The airstairs provide the ability to load and unload passengers, as well as providing access for the crew, regardless of site facilities and should be a serious consideration for all aircraft in the fleet.

Implementation Issues

While a Boeing 747 based strategic tanker/transport is not the ideal solution for the strategic airlift requirement, it is an excellent basic platform for a strategic tanker, it is readily available via the modification of units from the large pool of used commercial airframes, and it is much more affordable than any new build alternative.

In terms of variants, it would appear that a mix of 747-SP and 747-200B/CF/300CF models, given examples of suitable condition can be located, would be the most practical choice.

The 747-200B/CF/300CF is the better strategic tanker and transport by virtue of its higher MTOW, better offload performance and ability to carry heavy freight. The 747-SP offers much lower initial acquisition costs, and slightly lower fuel burn47. It also offers better operational flexibility per total fleet offload performance and better short field performance, with the limitations of slightly lower unit offload performance, the inability to carry freight without modification and similar crewing and support requirements to the 747-200/300.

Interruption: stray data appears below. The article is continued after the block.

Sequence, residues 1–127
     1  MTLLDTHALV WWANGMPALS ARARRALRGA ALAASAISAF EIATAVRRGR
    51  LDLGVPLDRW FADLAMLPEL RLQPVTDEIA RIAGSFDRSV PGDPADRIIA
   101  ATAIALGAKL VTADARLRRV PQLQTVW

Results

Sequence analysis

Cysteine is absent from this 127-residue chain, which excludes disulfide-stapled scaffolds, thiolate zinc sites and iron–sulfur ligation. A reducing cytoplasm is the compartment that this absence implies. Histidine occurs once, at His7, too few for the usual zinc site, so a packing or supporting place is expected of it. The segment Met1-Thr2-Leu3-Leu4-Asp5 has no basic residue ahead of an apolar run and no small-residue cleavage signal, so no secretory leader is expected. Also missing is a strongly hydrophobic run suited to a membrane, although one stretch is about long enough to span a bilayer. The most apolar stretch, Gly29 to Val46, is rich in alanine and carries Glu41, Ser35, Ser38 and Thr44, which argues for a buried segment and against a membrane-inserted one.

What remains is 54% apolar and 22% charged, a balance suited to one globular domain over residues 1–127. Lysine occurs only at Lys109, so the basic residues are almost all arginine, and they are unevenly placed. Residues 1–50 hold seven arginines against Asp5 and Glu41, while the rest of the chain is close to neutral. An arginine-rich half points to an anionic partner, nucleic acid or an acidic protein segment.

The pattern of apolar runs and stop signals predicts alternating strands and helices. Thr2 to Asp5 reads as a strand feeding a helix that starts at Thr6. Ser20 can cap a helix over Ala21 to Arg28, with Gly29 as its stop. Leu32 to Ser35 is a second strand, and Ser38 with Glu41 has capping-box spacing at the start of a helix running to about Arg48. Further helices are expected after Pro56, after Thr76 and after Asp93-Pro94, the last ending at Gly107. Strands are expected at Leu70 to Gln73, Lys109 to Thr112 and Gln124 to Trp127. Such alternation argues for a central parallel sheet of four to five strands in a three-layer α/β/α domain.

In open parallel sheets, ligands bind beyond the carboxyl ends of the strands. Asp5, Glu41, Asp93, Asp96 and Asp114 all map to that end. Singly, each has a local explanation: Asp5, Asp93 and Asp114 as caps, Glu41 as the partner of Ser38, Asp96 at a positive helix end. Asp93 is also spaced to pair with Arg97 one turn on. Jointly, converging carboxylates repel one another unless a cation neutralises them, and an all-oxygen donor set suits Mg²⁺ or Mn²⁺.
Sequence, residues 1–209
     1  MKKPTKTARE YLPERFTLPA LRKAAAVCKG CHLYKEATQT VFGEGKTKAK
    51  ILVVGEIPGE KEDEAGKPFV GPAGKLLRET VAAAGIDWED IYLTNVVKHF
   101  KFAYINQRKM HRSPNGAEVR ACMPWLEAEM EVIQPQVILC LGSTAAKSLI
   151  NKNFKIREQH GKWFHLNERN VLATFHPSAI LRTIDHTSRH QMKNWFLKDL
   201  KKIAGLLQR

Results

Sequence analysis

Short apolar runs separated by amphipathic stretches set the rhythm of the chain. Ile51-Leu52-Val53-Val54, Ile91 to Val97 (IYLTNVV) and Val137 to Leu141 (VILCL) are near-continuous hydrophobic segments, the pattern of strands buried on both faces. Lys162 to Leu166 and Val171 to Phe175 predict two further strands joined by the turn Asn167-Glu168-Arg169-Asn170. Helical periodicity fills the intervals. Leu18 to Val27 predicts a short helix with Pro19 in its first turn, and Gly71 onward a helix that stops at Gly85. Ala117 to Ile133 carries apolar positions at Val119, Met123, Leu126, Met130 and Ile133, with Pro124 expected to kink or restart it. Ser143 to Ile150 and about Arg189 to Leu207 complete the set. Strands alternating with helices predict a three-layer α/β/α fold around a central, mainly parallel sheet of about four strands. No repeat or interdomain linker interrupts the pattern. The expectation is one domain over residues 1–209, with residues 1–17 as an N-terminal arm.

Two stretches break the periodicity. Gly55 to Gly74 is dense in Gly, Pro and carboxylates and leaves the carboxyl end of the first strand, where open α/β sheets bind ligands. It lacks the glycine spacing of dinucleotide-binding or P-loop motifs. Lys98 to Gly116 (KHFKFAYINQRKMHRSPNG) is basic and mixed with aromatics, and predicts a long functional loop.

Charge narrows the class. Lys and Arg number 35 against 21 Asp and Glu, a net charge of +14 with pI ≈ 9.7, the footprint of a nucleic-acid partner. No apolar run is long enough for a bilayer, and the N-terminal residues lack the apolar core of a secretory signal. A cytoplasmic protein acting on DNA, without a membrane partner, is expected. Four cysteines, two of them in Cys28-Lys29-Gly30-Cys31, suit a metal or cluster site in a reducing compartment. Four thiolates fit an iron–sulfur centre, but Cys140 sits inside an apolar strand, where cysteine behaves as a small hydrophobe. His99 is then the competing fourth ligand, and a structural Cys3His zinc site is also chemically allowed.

Therefore the 747-200/300 offers a better longer term return on investment, with a much greater initial acquisition cost. The proportions of any mixed fleet would therefore have to be based upon a careful analysis of the point in the fleet lifecycle where the difference in initial acquisition cost favouring the 747-SP is balanced by the lower return in airlift capability given similar crewing and support costs.

Determining the number of aircraft to provide the capability will require some detailed modelling of AAR performance for the ranges in question, and some analysis of the airlift requirement. A first order estimate indicates that between 12 and 14 747-200/300 aircraft would be required, depending on the offload performance achievable for a given configuration, runway capabilities available and aircraft empty weight after the installation of AAR hardware and freight modifications. For the same fleet offload performance, 12 to 16 747-SP aircraft would be required. Some spares would be required.